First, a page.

Prosecutors Say Khan, Motey Could Testify Against Whitman

Feb 28 2012 | 5:34am ET

Prosecutors yesterday laid out part of their plan of attack against hedge fund manager Doug Whitman, who is accused of insider-trading.

In a filing in Manhattan federal court, the U.S. Attorney's Office cited three witnesses it may call to testify against the Whitman Capital founder. Whitman was arrested and charged earlier this month for allegedly earning more than $900,000 by participating in two insider-trading schemes.

Prosecutors identified two of the possible witnesses: former Intel Corp. employee Roomy Khan and former consultant Karl Motey. The third potential witness is a "parallel tippee of Roomy Khan" who received allegedly confidential information about Google Inc. at "around the same time as Whitman," according to the filing.

Both Khan and Whitman have pleaded guilty in the Justice Department's wide-ranging insider-trading crackdown, and both are cooperating with prosecutors. Khan was once identified as a key witness against Galleon Group founder Raj Rajaratnam—she formerly worked at that hedge fund—but did not testify in that trial, which resulted in Rajaratnam's conviction. It is thought that Khan's previous guilty plea to insider-trading charges kept prosecutors from calling her to the stand at that trial.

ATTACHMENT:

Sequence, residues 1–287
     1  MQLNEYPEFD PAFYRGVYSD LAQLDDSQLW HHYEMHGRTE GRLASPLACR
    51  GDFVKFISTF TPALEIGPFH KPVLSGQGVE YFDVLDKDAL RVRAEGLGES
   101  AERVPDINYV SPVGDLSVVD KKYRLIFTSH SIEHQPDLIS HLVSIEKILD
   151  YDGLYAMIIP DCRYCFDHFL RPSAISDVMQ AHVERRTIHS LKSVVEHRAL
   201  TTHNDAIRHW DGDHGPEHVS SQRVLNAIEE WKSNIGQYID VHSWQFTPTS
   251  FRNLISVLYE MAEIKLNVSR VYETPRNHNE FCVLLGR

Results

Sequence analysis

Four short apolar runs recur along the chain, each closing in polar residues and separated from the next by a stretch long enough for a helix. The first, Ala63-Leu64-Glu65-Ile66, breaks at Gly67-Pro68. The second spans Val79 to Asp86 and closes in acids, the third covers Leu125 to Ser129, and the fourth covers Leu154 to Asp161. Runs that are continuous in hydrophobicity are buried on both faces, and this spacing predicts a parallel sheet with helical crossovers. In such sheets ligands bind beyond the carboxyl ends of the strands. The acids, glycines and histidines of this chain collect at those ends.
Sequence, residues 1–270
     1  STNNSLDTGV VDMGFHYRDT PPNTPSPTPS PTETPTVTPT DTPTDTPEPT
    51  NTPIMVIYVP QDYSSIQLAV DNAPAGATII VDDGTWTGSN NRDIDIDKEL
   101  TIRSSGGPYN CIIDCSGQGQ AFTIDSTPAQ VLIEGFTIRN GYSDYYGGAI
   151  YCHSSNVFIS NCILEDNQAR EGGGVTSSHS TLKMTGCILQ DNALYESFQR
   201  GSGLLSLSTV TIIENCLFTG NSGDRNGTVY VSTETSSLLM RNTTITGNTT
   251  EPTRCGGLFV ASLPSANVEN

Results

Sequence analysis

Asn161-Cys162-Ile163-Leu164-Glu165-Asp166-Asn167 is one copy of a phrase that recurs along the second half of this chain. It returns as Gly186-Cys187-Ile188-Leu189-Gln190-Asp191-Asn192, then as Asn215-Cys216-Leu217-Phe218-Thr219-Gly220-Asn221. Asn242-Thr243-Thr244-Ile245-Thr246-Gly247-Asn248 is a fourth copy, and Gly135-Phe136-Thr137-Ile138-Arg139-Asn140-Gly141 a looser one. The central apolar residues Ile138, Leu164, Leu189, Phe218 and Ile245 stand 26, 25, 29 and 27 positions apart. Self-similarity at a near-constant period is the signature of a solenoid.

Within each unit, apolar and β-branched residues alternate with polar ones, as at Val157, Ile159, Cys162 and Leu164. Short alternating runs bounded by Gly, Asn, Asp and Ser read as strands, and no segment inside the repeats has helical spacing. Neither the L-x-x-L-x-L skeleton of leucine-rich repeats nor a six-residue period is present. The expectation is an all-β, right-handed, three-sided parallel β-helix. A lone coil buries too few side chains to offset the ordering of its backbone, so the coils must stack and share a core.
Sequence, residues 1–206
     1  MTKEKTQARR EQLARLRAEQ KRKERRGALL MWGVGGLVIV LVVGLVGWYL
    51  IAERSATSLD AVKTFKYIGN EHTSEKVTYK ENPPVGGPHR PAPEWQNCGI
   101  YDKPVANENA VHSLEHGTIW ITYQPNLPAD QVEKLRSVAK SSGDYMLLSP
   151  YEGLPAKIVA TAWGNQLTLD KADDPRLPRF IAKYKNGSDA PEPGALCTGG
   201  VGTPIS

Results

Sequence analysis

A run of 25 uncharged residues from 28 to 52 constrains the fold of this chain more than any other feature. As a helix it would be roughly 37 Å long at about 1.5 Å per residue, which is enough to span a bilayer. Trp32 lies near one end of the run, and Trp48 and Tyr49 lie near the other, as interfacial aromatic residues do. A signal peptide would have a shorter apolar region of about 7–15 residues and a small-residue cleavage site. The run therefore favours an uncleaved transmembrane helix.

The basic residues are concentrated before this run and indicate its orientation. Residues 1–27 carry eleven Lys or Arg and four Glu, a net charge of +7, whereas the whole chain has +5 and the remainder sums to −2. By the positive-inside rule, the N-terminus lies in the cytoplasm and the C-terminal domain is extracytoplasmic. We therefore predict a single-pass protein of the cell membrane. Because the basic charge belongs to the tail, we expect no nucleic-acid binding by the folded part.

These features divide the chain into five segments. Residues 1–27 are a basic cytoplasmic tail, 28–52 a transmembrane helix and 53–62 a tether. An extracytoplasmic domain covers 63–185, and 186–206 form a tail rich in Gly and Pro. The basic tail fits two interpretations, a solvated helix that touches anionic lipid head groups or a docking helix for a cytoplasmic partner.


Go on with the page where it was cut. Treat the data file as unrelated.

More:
Prosecutors also used the filing to argue against the defense's request to move the case from New York to northern California. Whitman's lawyer earlier this month said in a filing that, "at its heart, this is a Silicon Valley case and not a Wall Street case," and noted that most of the witnesses and Whitman himself live in California. U.S. District Judge Jed Rakoff, who has scheduled a July 30 trial date, will hear arguments about the change of venue tomorrow.

"The testimony of Khan and this cooperating witness will show, among other things, that Whitman’s claims in his memorandum artificially minimize the impact of the illegal conduct on the Southern District of New York,” Assistant U.S. Attorney David Leibowitz wrote. “At the very heart of the conspiracy and the substantive insider trading charges in this case, the defendant voluntarily caused his criminal conduct to occur in the Southern District of New York."


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